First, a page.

12:04 GMT +320 April 2018
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    Ukrainian President Petro Poroshenko meets with Vice President of the United States Joe Biden

    West Won't Help Kiev Now: US, EU Look for Way to Back Out on Their Client State

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    US and European officials have called their Ukrainian counterparts, reassuring them of support, but asking Kiev to avoid a further escalation of tensions with Moscow, following the discovery of a Ukrainian spy ring planning terror attacks in Crimea. Russian observers suggest the West may be looking for an exit from the Ukrainian debacle.

    On Friday, US Vice President Joe Biden telephoned Ukrainian President Petro Poroshenko, urging Ukraine and Russia to avoid a further escalation of tensions over the situation in Crimea, a statement released by the White House said.

    According to the statement, the two officials also agreed on the importance of using "diplomatic means" to implement the Minsk accords, which would assist Kiev in "restor[ing] Ukraine's sovereignty and territorial integrity."

    Also on Friday, EU foreign policy chief Federica Mogherini held a phone conversation with Ukrainian Foreign Minister Pavlo Klimkin. According to a press statement released by the EU's foreign policy office, Mogherini and Klimkin too focused their conversation on the escalating tensions between Russia and Ukraine.

    Mogherini reiterated Brussels' "unwavering" support for Kiev, emphasizing that the EU does not recognize the "annexation" of Crimea, but also said that a peaceful resolution to the conflict was the only possible solution. This applies to the civil war in the east of the country as well, with the official noting that all parties must "fully engage in the complete implementation of the Minsk agreements."

    Commenting on the Western officials' statements, Russian Senate Foreign Affairs Committee chairman Konstantin Kosachev suggested that they were an indication that Europe and the United States had shown themselves "not ready to support the Ukrainian authorities as unconditionally as before."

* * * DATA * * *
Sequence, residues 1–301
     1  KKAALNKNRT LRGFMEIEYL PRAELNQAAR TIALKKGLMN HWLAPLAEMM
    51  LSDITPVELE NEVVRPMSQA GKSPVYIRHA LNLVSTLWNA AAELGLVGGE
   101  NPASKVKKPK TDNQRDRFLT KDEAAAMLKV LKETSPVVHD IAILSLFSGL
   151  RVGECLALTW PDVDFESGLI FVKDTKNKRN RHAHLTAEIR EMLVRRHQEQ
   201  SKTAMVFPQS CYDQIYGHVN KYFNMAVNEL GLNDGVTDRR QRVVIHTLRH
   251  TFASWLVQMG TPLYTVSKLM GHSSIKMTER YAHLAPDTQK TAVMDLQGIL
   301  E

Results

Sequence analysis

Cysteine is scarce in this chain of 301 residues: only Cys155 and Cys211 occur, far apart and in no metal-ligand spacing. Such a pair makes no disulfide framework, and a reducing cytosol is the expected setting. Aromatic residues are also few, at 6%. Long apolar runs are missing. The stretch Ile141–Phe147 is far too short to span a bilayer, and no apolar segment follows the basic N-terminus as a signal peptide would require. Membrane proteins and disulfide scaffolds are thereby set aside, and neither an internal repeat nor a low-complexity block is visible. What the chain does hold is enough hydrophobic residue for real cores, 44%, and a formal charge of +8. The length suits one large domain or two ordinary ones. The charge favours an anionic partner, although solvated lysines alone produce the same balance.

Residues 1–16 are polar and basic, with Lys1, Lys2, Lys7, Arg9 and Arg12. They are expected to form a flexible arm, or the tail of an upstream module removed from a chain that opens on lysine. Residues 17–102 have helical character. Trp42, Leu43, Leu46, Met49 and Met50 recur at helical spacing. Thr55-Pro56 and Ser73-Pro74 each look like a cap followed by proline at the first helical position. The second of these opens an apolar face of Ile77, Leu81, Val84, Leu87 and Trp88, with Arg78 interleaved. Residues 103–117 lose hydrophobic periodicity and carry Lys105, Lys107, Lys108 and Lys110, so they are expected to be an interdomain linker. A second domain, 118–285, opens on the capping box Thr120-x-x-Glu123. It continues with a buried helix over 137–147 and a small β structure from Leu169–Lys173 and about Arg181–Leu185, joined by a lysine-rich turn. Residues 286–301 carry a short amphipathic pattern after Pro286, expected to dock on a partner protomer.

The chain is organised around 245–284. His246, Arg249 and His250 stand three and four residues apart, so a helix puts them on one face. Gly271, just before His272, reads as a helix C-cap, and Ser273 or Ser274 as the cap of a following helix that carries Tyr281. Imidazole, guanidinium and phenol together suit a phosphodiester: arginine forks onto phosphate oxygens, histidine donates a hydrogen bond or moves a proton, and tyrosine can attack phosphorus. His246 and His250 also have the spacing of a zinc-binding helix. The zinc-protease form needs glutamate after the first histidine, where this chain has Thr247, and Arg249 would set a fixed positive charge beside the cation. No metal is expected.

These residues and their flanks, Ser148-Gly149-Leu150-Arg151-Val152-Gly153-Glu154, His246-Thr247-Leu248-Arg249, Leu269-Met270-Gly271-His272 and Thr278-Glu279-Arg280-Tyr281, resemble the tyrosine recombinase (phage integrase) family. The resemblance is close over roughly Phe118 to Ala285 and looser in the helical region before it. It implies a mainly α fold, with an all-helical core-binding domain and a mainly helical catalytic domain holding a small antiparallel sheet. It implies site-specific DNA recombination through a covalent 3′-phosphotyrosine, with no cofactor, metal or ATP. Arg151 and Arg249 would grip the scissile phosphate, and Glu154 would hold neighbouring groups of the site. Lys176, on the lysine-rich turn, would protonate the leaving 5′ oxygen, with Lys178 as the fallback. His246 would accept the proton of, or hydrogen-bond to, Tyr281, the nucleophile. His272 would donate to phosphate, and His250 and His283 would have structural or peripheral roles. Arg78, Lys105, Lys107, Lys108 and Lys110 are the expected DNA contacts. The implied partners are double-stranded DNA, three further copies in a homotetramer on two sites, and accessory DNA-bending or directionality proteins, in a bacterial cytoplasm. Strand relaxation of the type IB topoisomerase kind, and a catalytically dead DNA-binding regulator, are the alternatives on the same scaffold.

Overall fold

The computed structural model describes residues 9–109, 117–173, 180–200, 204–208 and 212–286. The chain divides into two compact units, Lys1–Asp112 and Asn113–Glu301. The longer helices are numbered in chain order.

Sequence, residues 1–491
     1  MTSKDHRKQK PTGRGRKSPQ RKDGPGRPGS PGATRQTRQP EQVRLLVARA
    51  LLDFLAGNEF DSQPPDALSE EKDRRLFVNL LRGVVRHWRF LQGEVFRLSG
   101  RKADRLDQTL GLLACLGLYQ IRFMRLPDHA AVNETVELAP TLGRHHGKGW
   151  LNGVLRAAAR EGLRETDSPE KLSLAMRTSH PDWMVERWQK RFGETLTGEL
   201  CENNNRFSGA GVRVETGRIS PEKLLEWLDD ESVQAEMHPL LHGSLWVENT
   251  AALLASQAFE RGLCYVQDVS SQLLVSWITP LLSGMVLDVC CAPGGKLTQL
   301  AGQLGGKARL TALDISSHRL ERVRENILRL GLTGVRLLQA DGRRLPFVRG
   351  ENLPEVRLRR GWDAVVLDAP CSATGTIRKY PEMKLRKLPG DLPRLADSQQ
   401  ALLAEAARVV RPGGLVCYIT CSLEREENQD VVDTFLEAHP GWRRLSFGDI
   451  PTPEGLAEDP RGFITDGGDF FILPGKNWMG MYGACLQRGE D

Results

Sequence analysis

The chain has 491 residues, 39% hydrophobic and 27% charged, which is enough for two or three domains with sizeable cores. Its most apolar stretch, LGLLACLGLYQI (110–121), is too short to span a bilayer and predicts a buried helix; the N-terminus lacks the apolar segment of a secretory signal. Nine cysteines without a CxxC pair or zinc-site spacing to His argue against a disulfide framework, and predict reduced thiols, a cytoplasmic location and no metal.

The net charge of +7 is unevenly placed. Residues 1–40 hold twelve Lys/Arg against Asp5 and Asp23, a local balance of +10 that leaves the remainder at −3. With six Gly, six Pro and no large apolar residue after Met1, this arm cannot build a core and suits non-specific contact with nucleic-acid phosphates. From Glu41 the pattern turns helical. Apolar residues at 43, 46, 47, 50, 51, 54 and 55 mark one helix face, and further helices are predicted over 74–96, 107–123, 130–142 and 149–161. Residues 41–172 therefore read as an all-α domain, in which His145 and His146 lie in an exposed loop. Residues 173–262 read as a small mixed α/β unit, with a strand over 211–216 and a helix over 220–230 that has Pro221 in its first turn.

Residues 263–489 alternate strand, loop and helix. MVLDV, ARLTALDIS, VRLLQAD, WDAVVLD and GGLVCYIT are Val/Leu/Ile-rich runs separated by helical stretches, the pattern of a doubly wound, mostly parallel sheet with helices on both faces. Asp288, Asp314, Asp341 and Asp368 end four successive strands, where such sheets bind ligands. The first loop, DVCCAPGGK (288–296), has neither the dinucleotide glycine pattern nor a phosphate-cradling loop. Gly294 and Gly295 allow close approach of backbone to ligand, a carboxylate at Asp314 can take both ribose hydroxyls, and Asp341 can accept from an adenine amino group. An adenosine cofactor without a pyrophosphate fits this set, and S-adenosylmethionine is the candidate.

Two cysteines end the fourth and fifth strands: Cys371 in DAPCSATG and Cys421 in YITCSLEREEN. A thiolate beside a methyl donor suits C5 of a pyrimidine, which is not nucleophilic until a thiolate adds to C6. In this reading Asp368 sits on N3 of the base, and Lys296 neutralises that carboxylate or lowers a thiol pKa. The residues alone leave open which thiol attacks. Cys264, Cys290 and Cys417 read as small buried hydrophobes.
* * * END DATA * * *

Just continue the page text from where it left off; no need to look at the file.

Effectively, the senator suggested, Biden and Mogherini's calls for 'all sides to play their part' in deescalating the conflict should be seen as an improvement from the kinds of rhetoric previously used, which basically amounted to "we are with you, Russia is to blame for everything."

    The latest chapter in the diplomatic standoff between Moscow and Kiev began last Wednesday, when Russia's Federal Security Service said that they had discovered a spy ring in Crimea, organized by the Ukrainian Defense Ministry. The suspects were said to be preparing acts of sabotage and terrorism against the peninsula's infrastructure. The explosive story caused further outrage in Moscow due to the fact that two serviceman – an FSB officer and a military serviceman, were killed in the operation to arrest the suspected saboteurs.

    Commenting on Western officials' telephone conversations with their Ukrainian counterparts, and on Kosachev's interpretation of their remarks, experts speaking to Russia's Svobodnaya Pressa online newspaper were divided on what to make of Western leaders' shifting tone toward Kiev.

    For his part, Ukrainian political commentator Dmitri Skvortsov warned against lending too much weight to the Western officials' remarks. Effectively, the journalist suggested that Poroshenko and Biden are really just trying to take the 'goodwill' card out of President Vladimir Putin's hand, with Kiev presenting itself as the reasonable and responsible partner, "looking for every last opportunity" for negotiations with an angry Moscow.